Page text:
{ MARCH 2019 |



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Too many memories??

date, event, topic, or name. This may be a time consuming step, but it’s worth it in the long run and can even be fun. Two years ago, I spent many evenings on a big project for the wedding of my oldest daughter, Silvia. This involved looking through tons of digital pictures, and in the end I created a 45 minute slideshow with music featuring 150 photos from her birth to the wedding. While sorting and choosing the photos, my wife and I enjoyed reliving fun and memorable moments in our lives together.

Eliminating doubles

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Computers & Technology

Klaus Fuechsel owns the local awardwinning computer repair store Dok Klaus. He and his team deal with all kinds of computer issues; data preservation is one of their top priorities. You may contact Dok Klaus via phone 540-428-2376 or visit his website www. DokKlaus.com.


{ MARCH 2019 |

Preserving and Managing Photos BY KLAUS FUECHSEL


ow many photos do you have on your digital phone? On your computer? On the cloud? I’m guessing it’s a lot. Many people have an alarming number of photos on their devices (one of my clients had over 200,000!), and finding the ones you need can be a daunting task.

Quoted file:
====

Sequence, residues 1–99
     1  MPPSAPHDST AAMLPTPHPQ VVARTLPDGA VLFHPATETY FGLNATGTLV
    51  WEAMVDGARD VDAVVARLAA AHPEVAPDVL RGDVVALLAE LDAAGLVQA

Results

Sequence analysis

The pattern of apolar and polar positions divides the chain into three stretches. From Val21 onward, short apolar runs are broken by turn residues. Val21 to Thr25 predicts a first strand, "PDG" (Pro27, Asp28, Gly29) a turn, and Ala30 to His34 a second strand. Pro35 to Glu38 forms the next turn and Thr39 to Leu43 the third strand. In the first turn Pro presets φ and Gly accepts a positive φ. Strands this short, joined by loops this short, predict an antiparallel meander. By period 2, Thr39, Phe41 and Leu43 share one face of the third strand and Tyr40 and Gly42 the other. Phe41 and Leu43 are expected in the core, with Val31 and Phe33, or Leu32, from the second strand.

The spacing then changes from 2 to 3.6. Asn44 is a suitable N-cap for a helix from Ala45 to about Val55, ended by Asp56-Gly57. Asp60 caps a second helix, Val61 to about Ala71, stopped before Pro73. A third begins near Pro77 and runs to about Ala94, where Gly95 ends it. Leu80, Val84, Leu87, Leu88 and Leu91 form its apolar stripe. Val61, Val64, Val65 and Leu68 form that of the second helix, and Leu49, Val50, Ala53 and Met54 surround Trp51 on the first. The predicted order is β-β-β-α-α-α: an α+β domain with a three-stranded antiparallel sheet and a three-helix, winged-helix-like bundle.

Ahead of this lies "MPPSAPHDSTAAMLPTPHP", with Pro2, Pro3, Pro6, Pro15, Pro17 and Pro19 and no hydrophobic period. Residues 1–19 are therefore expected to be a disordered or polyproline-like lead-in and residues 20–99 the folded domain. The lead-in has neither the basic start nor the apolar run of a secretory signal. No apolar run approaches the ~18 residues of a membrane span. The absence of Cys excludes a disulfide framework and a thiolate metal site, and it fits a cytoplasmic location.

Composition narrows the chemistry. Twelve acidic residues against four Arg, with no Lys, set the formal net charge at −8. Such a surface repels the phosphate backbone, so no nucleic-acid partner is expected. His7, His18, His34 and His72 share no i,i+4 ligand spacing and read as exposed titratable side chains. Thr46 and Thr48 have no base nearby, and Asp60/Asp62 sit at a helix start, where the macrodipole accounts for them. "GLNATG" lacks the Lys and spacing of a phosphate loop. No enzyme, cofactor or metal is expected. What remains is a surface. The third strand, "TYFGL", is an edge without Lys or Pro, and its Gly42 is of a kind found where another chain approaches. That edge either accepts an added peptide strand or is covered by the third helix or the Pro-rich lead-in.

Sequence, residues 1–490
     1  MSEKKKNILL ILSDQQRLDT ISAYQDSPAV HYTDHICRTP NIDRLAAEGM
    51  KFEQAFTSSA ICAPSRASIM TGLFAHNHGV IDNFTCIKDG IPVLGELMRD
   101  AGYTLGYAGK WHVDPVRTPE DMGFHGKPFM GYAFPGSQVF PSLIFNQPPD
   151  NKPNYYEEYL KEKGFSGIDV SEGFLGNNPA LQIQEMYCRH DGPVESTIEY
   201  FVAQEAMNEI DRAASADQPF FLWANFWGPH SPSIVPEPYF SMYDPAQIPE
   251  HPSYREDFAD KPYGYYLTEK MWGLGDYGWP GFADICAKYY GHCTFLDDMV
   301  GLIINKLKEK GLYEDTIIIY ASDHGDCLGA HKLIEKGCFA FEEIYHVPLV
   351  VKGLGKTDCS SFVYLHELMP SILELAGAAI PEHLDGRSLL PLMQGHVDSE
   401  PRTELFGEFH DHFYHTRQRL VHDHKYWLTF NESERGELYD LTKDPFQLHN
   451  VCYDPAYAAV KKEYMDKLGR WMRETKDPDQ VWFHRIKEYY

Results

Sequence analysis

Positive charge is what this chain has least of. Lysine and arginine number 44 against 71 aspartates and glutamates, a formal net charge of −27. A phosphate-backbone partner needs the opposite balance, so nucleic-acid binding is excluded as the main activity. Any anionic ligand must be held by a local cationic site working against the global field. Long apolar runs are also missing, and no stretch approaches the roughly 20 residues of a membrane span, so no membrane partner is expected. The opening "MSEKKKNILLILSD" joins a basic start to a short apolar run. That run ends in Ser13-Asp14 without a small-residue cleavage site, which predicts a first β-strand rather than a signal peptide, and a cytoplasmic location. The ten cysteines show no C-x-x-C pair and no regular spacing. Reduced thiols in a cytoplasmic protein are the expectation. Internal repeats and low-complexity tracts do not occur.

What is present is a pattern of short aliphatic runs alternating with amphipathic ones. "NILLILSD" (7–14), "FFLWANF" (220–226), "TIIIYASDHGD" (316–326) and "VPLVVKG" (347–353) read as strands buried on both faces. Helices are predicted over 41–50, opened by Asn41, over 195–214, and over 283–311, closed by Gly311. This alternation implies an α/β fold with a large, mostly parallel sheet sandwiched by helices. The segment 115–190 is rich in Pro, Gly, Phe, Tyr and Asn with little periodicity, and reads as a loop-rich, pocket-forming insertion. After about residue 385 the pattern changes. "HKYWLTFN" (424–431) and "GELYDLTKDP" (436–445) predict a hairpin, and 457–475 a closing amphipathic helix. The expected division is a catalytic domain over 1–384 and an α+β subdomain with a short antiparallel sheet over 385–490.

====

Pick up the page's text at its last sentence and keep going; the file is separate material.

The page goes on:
Bite the bullet and organize your photos on your computer In this digital age it is easy to take thousands of images a year with our phones. They become synced to our computers (e.g. via iCloud or memory sticks) and can pile up there in a plethora of places. For the most part, going through the photos one by one and filing them in folders is the only way to make sense of them. It’s good to create clearly labeled folders and sub-folders, and then organize all of your photos in a way that makes sense to you, by



While working on this project, I noticed that over the years I had made backups of pictures which created thousands of doubles. One way to free up space on your hard drive would be to eliminate these doubles. Doing this manually would be incredibly time consuming, so I used a program called “DoubleKiller Pro.” But as always, before you start, make sure you backup your computer. Then be careful to clearly define in the program what constitutes a double, which will help the program discern what files to flag. Files that have the same name? Or the same size? Or even the same date and time? Whatever choice and whichever tool you decide to use, be careful that you don’t accidentally delete photos that aren’t really part of a duplicate pair.